Where Do the Wealthiest Expatriates Live?
A small island state in Southeast Asia has come out tops in a listing of countries that boast of the richest expatriates.
In an annual survey released by HSBC on Monday — which was conducted across 100 countries and involved more than 5,000 expatriates — Singapore emerged as the most favored expat destination to make money in and accumulate luxuries.
Foreigners, who make up a sizable portion of Singapore’s 5 million-plus population, earn more than those living in any other part of the world. About 54 percent of Singapore-based expats who took part in the poll earn more than $200,000 annually compared to a global average of only 7 percent according to the Expat Explorer 2012 survey.
Singapore, which came in third place last year, moved up two slots to beat Bermuda at No. 2 and Thailand at No. 3. The three other Asian countries that made it to top 10 are Hong Kong, China, and Vietnam.
The survey, in its fifth year, showed 80 percent of the expats who moved to Singapore saw an increase in their disposable income. Around 44 percent reported an increase of 50 percent or more in their disposable income, compared to the global average of just under a fifth.
Given the bleak employment picture in both Europe and the United States, job hunters are increasingly looking eastwards for opportunities, with 70 percent of the expats surveyed citing better career prospects for the move to Singapore.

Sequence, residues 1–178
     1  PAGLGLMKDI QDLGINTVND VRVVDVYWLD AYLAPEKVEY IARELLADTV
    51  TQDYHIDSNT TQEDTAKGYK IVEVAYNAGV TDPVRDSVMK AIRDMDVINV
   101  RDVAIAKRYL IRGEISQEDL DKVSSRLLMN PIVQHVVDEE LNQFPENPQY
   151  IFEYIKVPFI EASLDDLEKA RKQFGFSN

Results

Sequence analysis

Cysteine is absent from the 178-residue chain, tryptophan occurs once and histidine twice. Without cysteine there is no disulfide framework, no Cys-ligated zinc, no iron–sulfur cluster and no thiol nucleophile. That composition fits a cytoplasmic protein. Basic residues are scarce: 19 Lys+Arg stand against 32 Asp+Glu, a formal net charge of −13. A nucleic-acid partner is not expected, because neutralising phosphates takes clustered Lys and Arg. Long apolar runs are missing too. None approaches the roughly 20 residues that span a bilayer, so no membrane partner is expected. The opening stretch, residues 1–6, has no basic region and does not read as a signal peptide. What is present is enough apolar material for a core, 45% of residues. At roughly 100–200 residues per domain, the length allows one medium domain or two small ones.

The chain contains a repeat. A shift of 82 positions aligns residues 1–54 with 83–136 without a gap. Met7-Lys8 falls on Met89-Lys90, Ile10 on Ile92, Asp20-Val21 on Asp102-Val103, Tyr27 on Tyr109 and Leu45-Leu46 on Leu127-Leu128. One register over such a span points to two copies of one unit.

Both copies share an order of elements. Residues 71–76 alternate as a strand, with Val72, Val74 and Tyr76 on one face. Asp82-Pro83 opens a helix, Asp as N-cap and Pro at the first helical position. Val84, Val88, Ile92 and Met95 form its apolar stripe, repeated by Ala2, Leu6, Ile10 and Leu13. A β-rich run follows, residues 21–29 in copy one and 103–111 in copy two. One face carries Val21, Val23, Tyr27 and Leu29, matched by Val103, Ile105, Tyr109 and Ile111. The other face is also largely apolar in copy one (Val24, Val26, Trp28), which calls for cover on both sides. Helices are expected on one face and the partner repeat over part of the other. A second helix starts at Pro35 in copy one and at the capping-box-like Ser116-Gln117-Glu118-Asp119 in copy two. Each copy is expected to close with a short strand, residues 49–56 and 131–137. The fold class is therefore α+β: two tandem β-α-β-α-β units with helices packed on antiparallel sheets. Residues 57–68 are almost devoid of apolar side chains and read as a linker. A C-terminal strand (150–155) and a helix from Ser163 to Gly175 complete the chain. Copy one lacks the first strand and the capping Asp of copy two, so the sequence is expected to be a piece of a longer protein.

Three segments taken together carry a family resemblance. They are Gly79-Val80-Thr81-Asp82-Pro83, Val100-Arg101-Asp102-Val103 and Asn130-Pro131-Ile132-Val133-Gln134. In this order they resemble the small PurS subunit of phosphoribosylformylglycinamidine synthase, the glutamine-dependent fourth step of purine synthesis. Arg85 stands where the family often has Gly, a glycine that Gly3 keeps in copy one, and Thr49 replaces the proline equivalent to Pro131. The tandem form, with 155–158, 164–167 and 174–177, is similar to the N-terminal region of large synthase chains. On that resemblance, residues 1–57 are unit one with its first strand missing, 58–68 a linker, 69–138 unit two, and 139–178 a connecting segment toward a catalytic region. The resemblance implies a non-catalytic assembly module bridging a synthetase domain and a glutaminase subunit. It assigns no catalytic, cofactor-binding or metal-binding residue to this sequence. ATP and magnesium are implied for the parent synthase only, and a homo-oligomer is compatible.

Better Quality of Life
In terms of quality of life, Singapore also scored high, coming in fourth in the world and second in Asia after Thailand. Better accommodation, less commuting time, and a more active social life were some of the pluses of living in this tropical nation, the survey found.
Singapore is also child-friendly in the eyes of its expats. Ninety-one percent of the respondents said they felt their children were safer here. Costs, however, were a concern with 83 percent saying they are spending more on education for their children.
“Singapore is fast becoming an all-round expat destination for career progression, financial rewards and quality of life,” said Paul Arrowsmith, head of retail banking and wealth management at HSBC Singapore.
Where Are They Investing?
Expats in Singapore do not favor any one asset class and maintain a diversified investment portfolio. Those earning $200,000 to $250,000 a year have moved over time from a higher proportion of cash investments to a relatively even mix of cash, real estate and equities, the survey found.
“Expats have come to realize, given wider economic uncertainties, the advantage of diversification to hedge against volatility,” wrote HSBC in its survey report.
—By CNBC Asia’s Gauri Bhatia